Jackass Butte is a ranked peak that sits on the south side of the Snake River within the Snake River Birds of Prey Area in Owhyee County. Even though its 2,852-feet of elevation is taller than many points around it, the butte tends to blend into its surrounding landscape and can be easily overlooked. From a distance, you are more likely to see Jackass Butte’s more distinctive northwest neighbor Castle Butte. A striking feature of Jackass Butte is a cliff wall that surrounds the majority of the butte at its rim and makes the butte look difficult to impossible to climb in places.
From Highway 78, turn north onto Lemley Road and then turn right at Robinson Road. Continue on Robinson and turn right at approximately 43.08711N, -116.25539W. Now you are on a perimeter track on BLM-managed public land that crosses onto BOR-managed public land. Continue to an intersection, turn left, and head toward the river. However, pay close attention to this intersection. You will want to turn correctly on your way back to retrace your route and avoid traveling on private property.
Continue and descend on a steep, rugged 4WD track segment (which is next to the aqueduct) and then head toward the pumphouse alongside the Snake River. Stay right where the track splits, and turn right on the rugged jeep track. Crawl toward the butte to where you want to start this climb. The best accesses are on the northwest to east sides, but it gets more difficult to travel the farther east that you drive. Steve and I recommend a high-clearance 4WD starting where you descend next to the aqueduct.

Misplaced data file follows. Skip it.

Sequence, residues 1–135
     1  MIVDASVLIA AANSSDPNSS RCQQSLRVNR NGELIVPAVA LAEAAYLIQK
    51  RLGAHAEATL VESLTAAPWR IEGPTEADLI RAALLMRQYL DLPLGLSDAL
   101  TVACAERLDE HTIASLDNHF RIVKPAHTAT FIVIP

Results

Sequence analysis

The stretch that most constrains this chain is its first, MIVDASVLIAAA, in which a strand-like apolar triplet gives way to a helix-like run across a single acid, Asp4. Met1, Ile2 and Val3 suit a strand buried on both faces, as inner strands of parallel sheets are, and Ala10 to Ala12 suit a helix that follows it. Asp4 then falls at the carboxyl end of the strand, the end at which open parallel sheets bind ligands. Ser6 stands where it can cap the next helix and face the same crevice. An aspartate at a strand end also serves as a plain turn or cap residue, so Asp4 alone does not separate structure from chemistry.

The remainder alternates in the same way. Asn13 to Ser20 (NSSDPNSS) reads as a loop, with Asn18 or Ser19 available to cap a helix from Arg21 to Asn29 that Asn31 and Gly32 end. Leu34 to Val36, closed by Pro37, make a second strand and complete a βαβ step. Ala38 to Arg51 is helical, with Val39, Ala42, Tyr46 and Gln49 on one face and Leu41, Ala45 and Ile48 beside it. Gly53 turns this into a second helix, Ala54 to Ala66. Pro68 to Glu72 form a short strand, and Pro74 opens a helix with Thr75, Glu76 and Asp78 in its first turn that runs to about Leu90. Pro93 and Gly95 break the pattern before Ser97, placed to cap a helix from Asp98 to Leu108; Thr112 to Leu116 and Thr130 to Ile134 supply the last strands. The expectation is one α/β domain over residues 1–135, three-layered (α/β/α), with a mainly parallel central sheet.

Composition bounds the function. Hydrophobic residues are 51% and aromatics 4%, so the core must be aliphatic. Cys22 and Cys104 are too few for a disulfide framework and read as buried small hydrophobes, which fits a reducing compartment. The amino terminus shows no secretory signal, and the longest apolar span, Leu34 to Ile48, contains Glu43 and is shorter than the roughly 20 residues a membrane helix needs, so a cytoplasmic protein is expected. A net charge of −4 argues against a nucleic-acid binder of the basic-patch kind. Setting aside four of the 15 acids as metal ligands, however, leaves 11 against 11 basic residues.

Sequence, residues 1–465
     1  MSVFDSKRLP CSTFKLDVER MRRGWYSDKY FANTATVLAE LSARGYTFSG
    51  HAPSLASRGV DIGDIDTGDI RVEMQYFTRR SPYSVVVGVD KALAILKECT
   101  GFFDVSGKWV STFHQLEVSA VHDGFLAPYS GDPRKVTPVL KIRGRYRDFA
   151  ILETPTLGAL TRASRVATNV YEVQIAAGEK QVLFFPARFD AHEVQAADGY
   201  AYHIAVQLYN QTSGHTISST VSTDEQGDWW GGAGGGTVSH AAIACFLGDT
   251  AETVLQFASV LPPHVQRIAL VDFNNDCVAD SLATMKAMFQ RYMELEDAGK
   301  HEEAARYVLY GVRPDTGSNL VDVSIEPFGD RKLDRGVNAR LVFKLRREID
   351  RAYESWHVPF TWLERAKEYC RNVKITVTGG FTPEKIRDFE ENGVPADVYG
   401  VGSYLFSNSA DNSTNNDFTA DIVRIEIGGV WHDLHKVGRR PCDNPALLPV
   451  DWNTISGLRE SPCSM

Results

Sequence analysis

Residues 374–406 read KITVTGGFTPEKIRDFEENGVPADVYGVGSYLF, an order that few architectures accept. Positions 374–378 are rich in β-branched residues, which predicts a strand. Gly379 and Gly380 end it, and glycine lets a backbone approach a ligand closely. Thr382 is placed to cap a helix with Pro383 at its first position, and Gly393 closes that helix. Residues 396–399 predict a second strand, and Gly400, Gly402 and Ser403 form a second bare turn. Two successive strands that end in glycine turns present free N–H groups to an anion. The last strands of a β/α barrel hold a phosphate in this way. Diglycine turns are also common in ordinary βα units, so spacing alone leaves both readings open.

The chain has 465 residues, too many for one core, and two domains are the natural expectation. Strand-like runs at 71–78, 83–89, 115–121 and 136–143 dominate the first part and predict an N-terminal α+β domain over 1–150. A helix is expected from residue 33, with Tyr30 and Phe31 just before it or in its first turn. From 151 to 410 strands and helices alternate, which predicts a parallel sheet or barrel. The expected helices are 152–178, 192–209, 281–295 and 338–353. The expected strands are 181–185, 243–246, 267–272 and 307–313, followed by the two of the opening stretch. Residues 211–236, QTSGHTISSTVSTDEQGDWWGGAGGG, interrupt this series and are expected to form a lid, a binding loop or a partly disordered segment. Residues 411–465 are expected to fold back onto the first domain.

East Rib, Class 2
We started at the base of the east rib where we saw a large opening in the cliff wall. The lower portion of the rib is easy to travel on sandy soil with good footing. The short, easy rib leads to the massive summit plateau just a little off of the true summit. After enjoying the views, we descended the same way as our ascent for a mere 1-mile round trip that took less than 50 minutes, including summit dawdling. We climbed Jackass Butte in late March, and it was 71 degrees at the base when we started our climb at 5:30 p.m. If we had more time, we would have hiked along the plateau’s perimeter to see all sides of the butte from above.
Regions: SNAKE RIVER PLAIN
Mountain Range: Snake River Plain
Longitude: -116.2073 Latitude: 43.0854